For instance, her organization is working on turning a piece of property at Pine and Stewart streets in Providence into an emergency shelter space. They had to get one source of funding to acquire the property, and another to actually run it. As she was interviewed for this story, Santilli was still waiting on a special use permit from the city to open it.
“It’s a process that makes sense for normal times, but we’re not in normal times now,” Santilli said.
A few hours after the interview, they got approval from the city. That, and much more, will be needed: Unemployment is way up and odd jobs are harder to come by, forcing people into homelessness. But somehow, the real estate market is hot, hot, hot.
Before COVID the family shelter waitlist had 20 families on it, Santilli said. In October it had 57. These are families who might be in cars, or unsafe buildings, with children who are trying to do remote learning from wherever they can.
“That’s really scary,” Santilli said.
To discuss the issue of housing and its response to homelessness,the state made Kim Ahern, legal counsel in Gov. Gina Raimondo’s office who’s worked on housing policy, available for a 10-minute phone interview (it stretched to 13 before a press aide cut in to end it).
Ahern said addressing the unique challenges of homelessness during COVID been a top priority from the beginning of the pandemic. Steps to address the crisis in housing insecurity during COVID have included a program to match landlords who have space with families who need it. The landlords could get sign-up bonuses from the state by participating. (One advocate for homeless people said the program has been successful, but included many units that were priced outside of their clients’ typical price range.)
The state also has a rental assistance program, but Ahern acknowledged the money could have gone out the door more quickly. And the state put aside hotels through a Federal Emergency Management Agency contract to allow shelters to spread out more; dozens of people were transitioned from hotel rooms into housing, but those hotel contracts have lapsed, and the need is as great as it’s ever been.
“We know we are facing a very difficult and extraordinary challenge this winter,” Ahern said. “We know there’s not one thing that’s going to solve all these problems, and that it’s a complex issue.”
The governor’s office has long recognized that the problem, at root, is a lack of investment in affordable housing, Ahern said. That’s why it included a dedicated fund for it in the proposed fiscal year 2021 budget, through an increased tax on real estate sales over $500,000. It also upped a bond proposal for affordable housing, the typical ad hoc way the state has invested in it for years.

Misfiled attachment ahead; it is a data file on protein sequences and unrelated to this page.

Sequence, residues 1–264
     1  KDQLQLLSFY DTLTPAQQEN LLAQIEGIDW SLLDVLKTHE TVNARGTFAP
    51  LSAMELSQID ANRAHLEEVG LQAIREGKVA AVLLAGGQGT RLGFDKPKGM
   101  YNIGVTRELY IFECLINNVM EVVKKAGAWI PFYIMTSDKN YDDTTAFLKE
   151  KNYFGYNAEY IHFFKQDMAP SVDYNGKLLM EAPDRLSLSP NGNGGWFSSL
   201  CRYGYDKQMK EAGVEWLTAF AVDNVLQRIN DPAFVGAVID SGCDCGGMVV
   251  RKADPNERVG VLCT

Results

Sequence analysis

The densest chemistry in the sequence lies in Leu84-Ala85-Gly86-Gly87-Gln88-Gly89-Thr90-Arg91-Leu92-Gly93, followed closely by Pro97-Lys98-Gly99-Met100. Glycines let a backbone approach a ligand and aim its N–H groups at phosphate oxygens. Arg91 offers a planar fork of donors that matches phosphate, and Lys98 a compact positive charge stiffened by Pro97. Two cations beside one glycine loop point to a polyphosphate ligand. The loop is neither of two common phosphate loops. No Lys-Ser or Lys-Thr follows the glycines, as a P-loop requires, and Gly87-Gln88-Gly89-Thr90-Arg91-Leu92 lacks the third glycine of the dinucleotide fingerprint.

All of that is in limbo as the state waits to see what sort of help, if any, comes from Washington.
The state’s long-running lack of investment in affordable housing — Rhode Island is the only state in New England without a dedicated funding stream for it in the budget — has had real consequences: According to Housing Works RI, a person making the state’s median income for renters couldn’t afford to rent a two-bedroom in any city or town in the state. A person making the median income for buyers could afford to buy a two-bedroom only in Central Falls. That was based on 2019 data, from before COVID sent unemployment, and home prices, skyrocketing.
So now the state has to get back to shelter beds.That’s a bandage on a wound that’s been festering for years. The system has been malfunctioning for a long time, and now, in a moment of crisis, it’s falling apart.
“We who are providers talk about the 10-year plan we developed 20 years ago,” said Eileen Hayes, executive director of Amos House, a Providence-based soup kitchen and social service agency with a shelter program for homeless people. “There are pieces working, but not an entire plan, and that’s the frustration.”
Like last year, Amos House is planning on running a winter shelter for people experiencing homelessness. They also have a 90-day drug treatment program.
Amos House got funding through the state to run a winter shelter program, with 45 beds.
Other money went toward rapid rehousing to get people in apartments, “which will be great once we get folks housed,” Hayes said. “But we still have a crisis of a winter of not enough shelter beds for people in need.”
The head of the state’s Office of Community and Housing Development, she said, wasn’t making the budget. He was making do with it.
“The need is just greater than what we can do,” Hayes said.
Frumerie, executive director of the Rhode Island Coalition for the Homeless whose dumpster fire metaphor drives all this home, said in an email after the state’s funding decisions were announced that more was needed to address the crisis.
“We understand that everyone is burned out,” Frumerie said. “The state has so much to tackle. This is such a difficult time. But if we come together, we can fix this. We can do this.”